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Dudley High Community comes together post-shooting incident


Dr. Marcus Gause, DHS Principal. Photo by Ivan Saul Cutler/Carolina Peacemaker.
New safety measures will be implemented at all Guilford County high school sporting events, was the main takeaway during a community Town Hall meeting at James B. Dudley High School (DHS) on Monday. The meeting was spurred by a shooting that occurred on the high school grounds after last Friday night’s football game.

Community members gathered at the school on October 2 to discuss safety options moving forward.

Dr. Marcus Gause, DHS Principal, addressed an audience of about 100 concerned community members, leaders, business owners, clergy members and police officers Monday night inside Dudley’s auditorium. He encouraged parents to continue to be involved and expressed his concern for how the students have been feeling after this tragic incident.

“The tears I saw today and heard how they were feeling angered me and hurt me. Because regardless of the times, I don’t expect that to happen here, to our amazing students here. We have to heal them, and we have to protect them,” he said.

Parents, students, and community members passionately spoke about their concerns and ideas about safety measures going forward.

People gave suggestions such as stopping who can come onto campus during a game after a certain time, restricting loitering in the parking lot after the games end, and recruiting more parent volunteers to help with crowd control.

Deena Hayes, Chairperson of the Guilford County Board of Education. Photo by Photos by Ivan Saul Cutler/Carolina Peacemaker.
Ch-hara Pearson, a parent of a senior and a sophomore at Dudley said the phone call she received about the shooting was a call no parent ever wants to receive. She said gun violence among youth is a bigger symptom of youth not having the things they need at home to ultimately thrive in life.

“Truth is, this starts at home. What’s happening to our youth in their home lives is something everyone should be concerned about. I hope to see more parent involvement after this. Having those conversations at home about mental health and what’s bothering them because it starts there. We can’t put all the pressure on the schools to do something. We have to look at this as a community problem, because our schools are part of our communities,” said Pearson.

Olivia Johnson, a senior at Dudley and president of the Student Government Association (SGA) executive board noted that many students are trying to provide each other with emotional support, and they are setting aside time to “check in” with peers.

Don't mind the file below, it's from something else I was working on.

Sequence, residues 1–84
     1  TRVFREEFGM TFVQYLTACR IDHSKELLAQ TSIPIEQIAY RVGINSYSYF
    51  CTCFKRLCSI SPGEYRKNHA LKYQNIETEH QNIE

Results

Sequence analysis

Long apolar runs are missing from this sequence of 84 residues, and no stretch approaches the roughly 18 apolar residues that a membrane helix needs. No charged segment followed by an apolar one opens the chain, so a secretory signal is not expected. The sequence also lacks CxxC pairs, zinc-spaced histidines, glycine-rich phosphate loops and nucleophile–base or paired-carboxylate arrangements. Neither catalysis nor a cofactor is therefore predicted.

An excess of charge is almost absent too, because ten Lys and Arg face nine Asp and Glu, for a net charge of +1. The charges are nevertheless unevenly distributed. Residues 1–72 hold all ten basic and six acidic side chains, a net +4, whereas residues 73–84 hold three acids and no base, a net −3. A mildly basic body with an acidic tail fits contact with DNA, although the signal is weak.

“This meeting showed me that we have a lot of community support and that it’s okay to have those hard conversations. Dudley is a family, and we are part of a legacy. Knowing what being a Panther means, it means we have to build community amongst ourselves too,” said Johnson.

Deena Hayes, GCS Board of Education Chairperson also agreed with Pearson saying this is not just a school issue, but also a community and a school district issue.

Hayes emphasized that while this unfortunate incident occurred on school grounds, it physically and emotionally hurt Dudley High School students, parents, supporters and the community. “They were the victims,” said Hayes.

“We have to address the gun culture, we have to address mental health needs, and we have to address the concentrated poverty in our impacted communities,” said Hayes.

The shooting incident under discussion happened on Friday, September 29, after the Dudley High versus Smith High football game. The incident happened in the parking lot, within 50 feet of two police patrol cars, with flashing lights, said school officials. Police have identified the fatally wounded victim as 59-year-old Matthew Wayne Grant, a North Carolina High School Athletics Association official who was attending the game as a spectator.

Sharnetta Roseborough, Class of 1998. Photo by Ivan Saul Cutler/Carolina Peacemaker.
According to police reports, officers also found a second shooting victim — a male juvenile — who was treated and later released from the hospital, and a female juvenile who sustained minor injuries from shrapnel. The suspect’s vehicle also struck two pedestrians, who were both taken to a local hospital and treated for minor injuries. No names or further details on a suspect have been released by police yet.

Guilford County Schools released a statement on Monday evening, after the community meeting. The statement listed more than a dozen new tactics for a comprehensive school safety strategy that will now be implemented. That strategy includes: significantly expanding and restructuring the district’s school safety and emergency management office; upgrading more than 2,000 cameras with advanced technology; installing school bus cameras across the district; adding touchless security scanners at all of the comprehensive middle and high schools; employing safe entry points at athletic events; implementing a clear bag policy at athletic events; partnering and training with local law enforcement, Emergency Medical Services, Emergency Management and fire department officials; installing anonymous reporting capabilities on all district devices in grades three and up; adding mental health supports for students and staff; engaging students in leadership about this important issue; revising the district’s code of conduct; providing staffing incentives for athletic events; and implementing anti-bullying training and reporting procedures for staff.

Dudley students will continue to have access to mental health and counseling services throughout the week, according to school officials.

The Dudley High School Homecoming football game will take place Saturday, Oct. 5 at noon. Homecoming activities will take place the week of Oct. 16.